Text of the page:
Mario Feliciano Is No One-Day Wonder
A funny thing happened to catcher Mario Feliciano en route to his assignment to Triple-A Nashville this spring.
He first played a game in the major leagues. And, oh yeah, he scored the winning run.
It was a dizzying 24 hours for the 22-year-old Feliciano on May 1. That's when the Brewers summoned him unexpectedly to the majors because Milwaukee catchers Omar Narvaez and Manny Piña had gone on the injured list.
It was heady stuff for a player who had spent virtually all of 2019 at High-A Carolina and then lost the 2020 minor league season to the pandemic.
“It’s a dream come true,” said Feliciano, a 2016 supplemental second-round pick out of the Beltran Academy in Puerto Rico. “There’s really no words to describe it.”
The Brewers' plan was to get through the home game that night against the Dodgers without using Feliciano, then replace him the next day with Jacob Nottingham, who had been reacquired from the Mariners in a cash deal.
Sure enough, the game went into the 11th inning. Manager Craig Counsell turned to Feliciano as a pinch-hitter when he ran out of players.
Feliciano worked lefthander Alex Vesia for a seven-pitch walk. Then he scored the winning run on Travis Shaw’s two-out single as the Brewers rallied for three runs after the Dodgers scored twice in the top of the 11th.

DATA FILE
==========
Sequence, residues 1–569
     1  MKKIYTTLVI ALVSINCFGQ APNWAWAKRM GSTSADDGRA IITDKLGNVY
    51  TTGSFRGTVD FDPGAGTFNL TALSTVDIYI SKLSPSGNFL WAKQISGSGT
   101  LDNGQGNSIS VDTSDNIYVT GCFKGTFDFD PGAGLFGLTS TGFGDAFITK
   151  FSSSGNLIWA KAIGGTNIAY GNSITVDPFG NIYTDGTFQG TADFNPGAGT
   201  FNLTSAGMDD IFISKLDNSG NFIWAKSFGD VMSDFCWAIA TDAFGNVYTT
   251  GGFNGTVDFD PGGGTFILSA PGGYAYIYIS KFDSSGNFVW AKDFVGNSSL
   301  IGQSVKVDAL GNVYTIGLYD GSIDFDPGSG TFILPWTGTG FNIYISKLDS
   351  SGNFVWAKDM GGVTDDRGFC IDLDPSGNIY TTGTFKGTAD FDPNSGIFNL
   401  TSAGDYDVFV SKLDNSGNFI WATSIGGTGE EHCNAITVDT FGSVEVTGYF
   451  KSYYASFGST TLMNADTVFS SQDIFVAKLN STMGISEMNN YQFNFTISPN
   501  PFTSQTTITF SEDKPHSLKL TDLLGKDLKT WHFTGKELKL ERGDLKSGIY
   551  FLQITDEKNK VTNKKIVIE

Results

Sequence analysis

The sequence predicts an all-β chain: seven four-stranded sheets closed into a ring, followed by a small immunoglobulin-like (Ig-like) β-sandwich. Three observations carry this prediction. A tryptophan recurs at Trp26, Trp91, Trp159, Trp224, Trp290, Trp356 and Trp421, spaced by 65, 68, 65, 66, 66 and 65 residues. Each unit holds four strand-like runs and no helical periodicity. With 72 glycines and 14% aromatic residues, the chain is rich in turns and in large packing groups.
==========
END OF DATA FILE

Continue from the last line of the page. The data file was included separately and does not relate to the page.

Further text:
Feliciano, who said his 2-year-old daughter said the word “papa” earlier in the day, was optioned the next day to Nashville, effectively skipping Double-A, where he played three games in 2019.
The Brewers believe in Feliciano’s bat, which was on full display during his MVP season in the Carolina League in 2019, when he hit .273/.324/.477 with 19 home runs in 116 games.
But he also has shown great improvement behind the plate, displaying great agility and a strong arm, with improved technique to help him nab even more basestealers.
Put it all together and the Brewers believe they have a future everyday catcher in the big leagues, not a one-day wonder.
— Righthander Joey Matulovich, a 20th-round pick out of California in 2018, struck out 17 hitters over 7.2 innings in his first three relief outings for Low-A Carolina.
— Lefthander Ethan Small, a 2019 first-rounder out of Mississippi State, will always remember his first professional victory. In a May 15 home game for Double-A Biloxi against Mississippi, Small pitched the first five innings of a combined no-hitter in a 1-0 victory, the first nine-inning no-no in Shuckers history. Zach Vennaro (one inning), Nathan Kirby (two) and Matt Hardy (one) completed the historic win.